COMPARATIVE STUDY
JOURNAL ARTICLE

Functional MRI predicts memory performance after right mesiotemporal epilepsy surgery

Jozsef Janszky, Hennric Jokeit, Konstantina Kontopoulou, Markus Mertens, Alois Ebner, Bernd Pohlmann-Eden, Friedrich G Woermann
Epilepsia 2005, 46 (2): 244-50
15679505

PURPOSE: Anterior temporal lobe resection (ATR) is a treatment option in drug-resistant epilepsy. An important risk of ATR is loss of memory because mesiotemporal structures contribute substantially to memory function. We investigated whether memory-activated functional MRI (fMRI) can predict postoperative memory loss after anterior temporal lobectomy in right-sided medial temporal lobe epilepsy (MTLE).

METHODS: We included 16 patients (10 women) aged 16-54 years. The mean age at epilepsy onset was 12.5 years (range, 1-26 years). The patients' mean Wechsler IQ score was 95.2 (range, 62-125). The activation condition of fMRI consisted of retrieval from long-term memory induced by self-paced performance of an imaginative walk. All but one patient had left-sided speech dominance according to speech-activated fMRI. Outside the scanner, we evaluated the pre- and postoperative visual memory retention by using Rey Visual Design Learning Test.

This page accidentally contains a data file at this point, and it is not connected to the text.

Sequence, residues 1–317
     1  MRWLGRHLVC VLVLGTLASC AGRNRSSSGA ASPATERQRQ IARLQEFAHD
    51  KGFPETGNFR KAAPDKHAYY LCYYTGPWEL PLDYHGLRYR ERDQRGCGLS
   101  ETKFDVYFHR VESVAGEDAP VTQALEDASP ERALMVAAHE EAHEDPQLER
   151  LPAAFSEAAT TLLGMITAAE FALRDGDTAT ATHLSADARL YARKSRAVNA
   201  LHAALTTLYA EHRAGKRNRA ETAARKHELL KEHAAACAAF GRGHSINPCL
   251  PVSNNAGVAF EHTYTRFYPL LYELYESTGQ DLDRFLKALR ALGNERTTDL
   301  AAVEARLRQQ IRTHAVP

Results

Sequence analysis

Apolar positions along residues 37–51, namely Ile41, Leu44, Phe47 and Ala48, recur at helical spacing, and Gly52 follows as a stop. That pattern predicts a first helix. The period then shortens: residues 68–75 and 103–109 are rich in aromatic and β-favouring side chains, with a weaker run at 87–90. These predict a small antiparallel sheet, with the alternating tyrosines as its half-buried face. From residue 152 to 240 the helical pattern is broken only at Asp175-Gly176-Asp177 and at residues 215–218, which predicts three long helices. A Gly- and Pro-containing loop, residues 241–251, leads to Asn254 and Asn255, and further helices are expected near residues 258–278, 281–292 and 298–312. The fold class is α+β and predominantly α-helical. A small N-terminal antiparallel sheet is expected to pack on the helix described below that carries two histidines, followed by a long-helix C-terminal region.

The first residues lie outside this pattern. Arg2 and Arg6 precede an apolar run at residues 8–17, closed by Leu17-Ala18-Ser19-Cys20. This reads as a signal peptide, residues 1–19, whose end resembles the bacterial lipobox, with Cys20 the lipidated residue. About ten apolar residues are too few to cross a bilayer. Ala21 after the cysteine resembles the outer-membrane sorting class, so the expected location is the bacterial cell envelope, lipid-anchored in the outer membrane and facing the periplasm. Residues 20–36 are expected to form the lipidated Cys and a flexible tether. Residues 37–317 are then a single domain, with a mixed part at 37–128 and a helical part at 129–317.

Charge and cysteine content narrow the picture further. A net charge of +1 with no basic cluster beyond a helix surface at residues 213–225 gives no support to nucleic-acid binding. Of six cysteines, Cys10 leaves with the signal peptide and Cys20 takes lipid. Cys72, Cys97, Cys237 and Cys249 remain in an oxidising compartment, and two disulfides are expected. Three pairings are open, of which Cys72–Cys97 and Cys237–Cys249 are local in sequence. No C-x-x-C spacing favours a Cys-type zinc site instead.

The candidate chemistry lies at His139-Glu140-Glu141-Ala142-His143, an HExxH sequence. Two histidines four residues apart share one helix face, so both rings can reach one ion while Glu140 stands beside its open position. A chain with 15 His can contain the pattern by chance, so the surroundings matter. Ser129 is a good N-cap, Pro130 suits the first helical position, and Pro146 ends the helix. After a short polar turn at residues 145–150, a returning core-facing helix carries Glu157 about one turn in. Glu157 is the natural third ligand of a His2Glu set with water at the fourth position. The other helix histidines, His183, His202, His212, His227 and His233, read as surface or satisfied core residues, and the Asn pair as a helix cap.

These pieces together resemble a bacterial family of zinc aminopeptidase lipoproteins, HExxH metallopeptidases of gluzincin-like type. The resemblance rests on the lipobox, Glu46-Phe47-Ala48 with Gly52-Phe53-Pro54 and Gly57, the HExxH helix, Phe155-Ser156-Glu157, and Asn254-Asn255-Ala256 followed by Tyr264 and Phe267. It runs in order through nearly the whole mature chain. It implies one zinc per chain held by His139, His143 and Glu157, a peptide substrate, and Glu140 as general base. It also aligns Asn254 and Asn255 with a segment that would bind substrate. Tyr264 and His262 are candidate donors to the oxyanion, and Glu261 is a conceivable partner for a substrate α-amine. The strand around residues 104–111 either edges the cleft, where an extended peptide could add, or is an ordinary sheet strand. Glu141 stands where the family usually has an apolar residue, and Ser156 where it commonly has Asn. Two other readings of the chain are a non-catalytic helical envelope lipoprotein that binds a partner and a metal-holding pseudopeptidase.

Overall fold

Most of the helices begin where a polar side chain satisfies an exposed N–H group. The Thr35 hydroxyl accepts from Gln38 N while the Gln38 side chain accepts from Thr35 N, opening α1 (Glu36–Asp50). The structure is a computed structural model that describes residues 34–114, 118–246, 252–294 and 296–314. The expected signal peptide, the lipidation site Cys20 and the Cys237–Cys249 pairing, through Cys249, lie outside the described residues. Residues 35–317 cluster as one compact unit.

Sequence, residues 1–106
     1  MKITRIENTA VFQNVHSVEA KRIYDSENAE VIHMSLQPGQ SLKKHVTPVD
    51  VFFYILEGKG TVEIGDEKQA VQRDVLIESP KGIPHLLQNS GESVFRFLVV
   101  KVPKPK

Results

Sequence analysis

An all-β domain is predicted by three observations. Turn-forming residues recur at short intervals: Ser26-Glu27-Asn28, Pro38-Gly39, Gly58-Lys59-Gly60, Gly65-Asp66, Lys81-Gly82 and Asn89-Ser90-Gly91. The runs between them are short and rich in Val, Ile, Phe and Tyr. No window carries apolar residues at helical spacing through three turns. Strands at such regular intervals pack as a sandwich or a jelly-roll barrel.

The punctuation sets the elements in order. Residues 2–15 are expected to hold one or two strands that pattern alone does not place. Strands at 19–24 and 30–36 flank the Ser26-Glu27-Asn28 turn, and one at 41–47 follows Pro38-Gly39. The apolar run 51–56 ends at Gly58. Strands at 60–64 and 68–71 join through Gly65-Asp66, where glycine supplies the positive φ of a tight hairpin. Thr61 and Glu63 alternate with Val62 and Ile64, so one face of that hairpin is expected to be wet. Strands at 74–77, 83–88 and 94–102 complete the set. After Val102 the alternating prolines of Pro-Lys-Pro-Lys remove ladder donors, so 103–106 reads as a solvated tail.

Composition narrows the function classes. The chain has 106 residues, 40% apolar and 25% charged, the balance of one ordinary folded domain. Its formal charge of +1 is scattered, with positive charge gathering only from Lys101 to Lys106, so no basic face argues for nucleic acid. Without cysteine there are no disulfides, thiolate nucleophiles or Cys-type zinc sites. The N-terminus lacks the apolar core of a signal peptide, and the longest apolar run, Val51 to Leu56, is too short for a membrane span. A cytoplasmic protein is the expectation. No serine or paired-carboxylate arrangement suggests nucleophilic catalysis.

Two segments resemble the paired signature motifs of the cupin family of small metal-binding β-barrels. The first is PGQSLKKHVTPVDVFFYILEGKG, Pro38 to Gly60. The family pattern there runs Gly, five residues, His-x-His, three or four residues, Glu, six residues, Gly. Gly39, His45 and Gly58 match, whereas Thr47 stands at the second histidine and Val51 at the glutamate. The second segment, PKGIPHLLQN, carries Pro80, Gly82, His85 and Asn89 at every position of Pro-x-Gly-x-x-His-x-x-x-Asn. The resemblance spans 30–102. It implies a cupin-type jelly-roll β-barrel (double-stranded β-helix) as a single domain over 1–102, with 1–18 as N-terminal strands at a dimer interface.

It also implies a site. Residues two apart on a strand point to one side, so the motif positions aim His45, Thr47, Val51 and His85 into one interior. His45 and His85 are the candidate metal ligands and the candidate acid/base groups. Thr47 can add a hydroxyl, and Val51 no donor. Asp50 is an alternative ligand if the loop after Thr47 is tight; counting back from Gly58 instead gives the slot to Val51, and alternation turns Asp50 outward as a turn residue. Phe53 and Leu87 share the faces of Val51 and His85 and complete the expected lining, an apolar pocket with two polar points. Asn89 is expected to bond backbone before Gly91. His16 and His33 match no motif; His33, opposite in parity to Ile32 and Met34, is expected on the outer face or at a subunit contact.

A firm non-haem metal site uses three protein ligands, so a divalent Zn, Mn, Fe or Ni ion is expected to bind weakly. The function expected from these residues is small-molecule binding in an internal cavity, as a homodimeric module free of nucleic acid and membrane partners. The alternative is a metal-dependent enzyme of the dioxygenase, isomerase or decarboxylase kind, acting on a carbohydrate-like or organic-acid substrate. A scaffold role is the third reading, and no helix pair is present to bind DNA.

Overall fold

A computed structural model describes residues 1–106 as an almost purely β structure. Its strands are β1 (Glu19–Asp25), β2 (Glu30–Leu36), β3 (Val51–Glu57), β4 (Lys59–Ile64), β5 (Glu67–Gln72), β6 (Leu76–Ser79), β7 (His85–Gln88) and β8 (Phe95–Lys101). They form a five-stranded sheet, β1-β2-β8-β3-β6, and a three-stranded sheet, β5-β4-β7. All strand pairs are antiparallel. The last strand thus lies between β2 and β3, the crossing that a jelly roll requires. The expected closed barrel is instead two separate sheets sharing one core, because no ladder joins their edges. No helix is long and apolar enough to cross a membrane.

RESULTS: We found a correlation between the preoperative asymmetry index of memory-fMRI and the change between pre- and postsurgical measures of memory retention. Reduced activation of the mesiotemporal region ipsilateral to the epileptogenic region correlated with a favorable memory outcome after right-sided ATR.

CONCLUSIONS: In light of the postoperative results, the theoretical implication of our study is that fMRI based on a simple introspective retrieval task measures memory functions. The main clinical implication of our study is that memory-fMRI might replace the invasive Wada test in MTLE by using a simple fMRI paradigm. Predictive power, however, will be studied in larger patient samples. Other studies are required for left-sided MTLE and neocortical epilepsies to assess the clinical usefulness of memory-fMRI.

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